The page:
vital for DEFRA to set a clear timetable for implementing a requirement for all departments and other government bodies, local and national, to purchase only sustainable timber. In our view five years would be a realistic deadline."
I consider that it would be inappropriate for me to answer your question, which addresses exactly the same point made by the Committee, before the Government have formally responded to the Committee's Report.
Norman Baker: To ask the Secretary of State for Environment, Food and Rural Affairs what discussions the Government have had with the Austrian Government on taking forward Forest Law Enforcement, Governance and Trade; and if she will make a statement. 
As part of the EU Presidency Troika we continue to be supportive of efforts to take forward the development of the Forest Law Enforcement Governance and Trade (FLEGT) Action Plan and have been in regular contact with Austria.
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Work is now focused on implementing the FLEGT regulation and exploring additional options. Following a stakeholder consultation on additional options held in Brussels in January, the European Commission is now considering all the options raised. We expect the delayed report on this to be published by early summer 2006.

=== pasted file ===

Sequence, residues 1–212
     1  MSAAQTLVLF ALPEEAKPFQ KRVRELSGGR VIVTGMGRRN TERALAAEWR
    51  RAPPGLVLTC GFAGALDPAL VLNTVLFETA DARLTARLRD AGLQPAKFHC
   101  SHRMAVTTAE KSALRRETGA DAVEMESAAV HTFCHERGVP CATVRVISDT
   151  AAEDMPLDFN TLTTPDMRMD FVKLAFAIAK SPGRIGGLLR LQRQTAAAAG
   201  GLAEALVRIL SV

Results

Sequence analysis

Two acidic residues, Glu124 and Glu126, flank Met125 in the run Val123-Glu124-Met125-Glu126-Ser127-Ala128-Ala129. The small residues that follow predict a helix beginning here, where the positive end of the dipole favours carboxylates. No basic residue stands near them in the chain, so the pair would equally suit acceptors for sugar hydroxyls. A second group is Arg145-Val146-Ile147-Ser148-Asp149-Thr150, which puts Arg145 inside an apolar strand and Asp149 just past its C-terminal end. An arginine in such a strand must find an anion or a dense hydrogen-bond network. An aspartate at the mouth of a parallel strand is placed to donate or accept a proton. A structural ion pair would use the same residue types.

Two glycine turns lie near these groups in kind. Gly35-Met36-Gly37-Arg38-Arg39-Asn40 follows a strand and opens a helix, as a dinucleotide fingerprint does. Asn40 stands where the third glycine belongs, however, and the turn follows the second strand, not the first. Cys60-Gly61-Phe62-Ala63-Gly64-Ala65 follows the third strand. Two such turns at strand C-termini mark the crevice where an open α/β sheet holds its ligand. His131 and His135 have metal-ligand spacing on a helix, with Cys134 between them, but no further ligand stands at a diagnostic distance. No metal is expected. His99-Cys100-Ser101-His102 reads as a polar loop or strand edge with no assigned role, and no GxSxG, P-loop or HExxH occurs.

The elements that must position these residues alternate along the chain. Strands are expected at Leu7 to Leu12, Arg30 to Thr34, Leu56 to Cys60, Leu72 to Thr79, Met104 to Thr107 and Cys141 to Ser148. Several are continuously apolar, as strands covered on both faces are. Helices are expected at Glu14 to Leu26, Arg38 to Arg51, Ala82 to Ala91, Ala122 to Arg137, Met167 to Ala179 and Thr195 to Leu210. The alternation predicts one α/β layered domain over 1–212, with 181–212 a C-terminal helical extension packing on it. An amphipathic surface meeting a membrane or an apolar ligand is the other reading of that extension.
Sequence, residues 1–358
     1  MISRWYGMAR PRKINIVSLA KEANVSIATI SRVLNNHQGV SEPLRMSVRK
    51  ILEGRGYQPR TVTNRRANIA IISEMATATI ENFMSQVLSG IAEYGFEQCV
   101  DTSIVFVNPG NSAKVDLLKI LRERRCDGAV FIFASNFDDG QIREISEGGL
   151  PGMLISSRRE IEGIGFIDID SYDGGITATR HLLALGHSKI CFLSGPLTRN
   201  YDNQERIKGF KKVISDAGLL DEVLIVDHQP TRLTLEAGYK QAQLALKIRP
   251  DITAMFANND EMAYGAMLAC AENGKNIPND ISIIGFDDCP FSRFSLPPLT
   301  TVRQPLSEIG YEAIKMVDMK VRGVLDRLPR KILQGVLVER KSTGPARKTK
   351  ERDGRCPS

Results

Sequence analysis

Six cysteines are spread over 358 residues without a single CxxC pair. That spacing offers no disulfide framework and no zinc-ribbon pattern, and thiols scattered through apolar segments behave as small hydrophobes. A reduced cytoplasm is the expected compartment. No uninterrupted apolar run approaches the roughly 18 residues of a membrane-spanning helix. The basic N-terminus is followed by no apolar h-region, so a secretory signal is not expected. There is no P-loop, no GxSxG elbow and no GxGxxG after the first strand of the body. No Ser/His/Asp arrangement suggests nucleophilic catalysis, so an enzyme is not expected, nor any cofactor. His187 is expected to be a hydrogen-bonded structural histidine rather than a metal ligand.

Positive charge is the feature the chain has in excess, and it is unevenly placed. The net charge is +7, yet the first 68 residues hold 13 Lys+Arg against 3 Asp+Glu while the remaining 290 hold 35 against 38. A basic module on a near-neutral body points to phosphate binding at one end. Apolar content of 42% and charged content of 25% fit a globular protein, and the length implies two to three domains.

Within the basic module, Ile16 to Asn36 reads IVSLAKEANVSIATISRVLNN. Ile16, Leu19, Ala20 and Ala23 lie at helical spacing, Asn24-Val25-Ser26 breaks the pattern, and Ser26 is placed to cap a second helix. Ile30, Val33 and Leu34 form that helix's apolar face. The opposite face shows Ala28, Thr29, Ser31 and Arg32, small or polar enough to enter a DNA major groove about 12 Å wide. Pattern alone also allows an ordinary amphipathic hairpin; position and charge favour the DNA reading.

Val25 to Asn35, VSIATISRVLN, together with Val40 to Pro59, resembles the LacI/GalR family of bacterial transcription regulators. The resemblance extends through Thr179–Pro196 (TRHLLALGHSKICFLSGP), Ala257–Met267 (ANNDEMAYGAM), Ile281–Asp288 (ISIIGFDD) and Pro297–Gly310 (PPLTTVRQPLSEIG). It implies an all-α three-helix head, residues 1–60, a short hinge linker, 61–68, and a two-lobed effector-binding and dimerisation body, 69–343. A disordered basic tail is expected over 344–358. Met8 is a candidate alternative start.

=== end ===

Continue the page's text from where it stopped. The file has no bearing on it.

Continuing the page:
Norman Baker: To ask the Secretary of State for Environment, Food and Rural Affairs when she expects EU Ministers to discuss Forest Law Enforcement, Governance and Trade and the EU Commission's report on relevant legislative options. 
Following the adoption of the FLEGT Action Plan by Council Conclusions in October 2003, (which committed the EU to exploring options to tackle the trade in illegally logged timber additional to the proposed FLEGT regulation), the UK Government has been frustrated at the time it has taken the Commission to produce this additional report.
Officials attended a European stakeholder consultation meeting in Brussels on 31 January 2006. This was held by the European Commission and the UK's Chatham House (the Royal Institute of International Affairs). The European Commission will consider all the options and issues raised at the stakeholder consultation meeting and produce the delayed report on additional options by early summer 2006.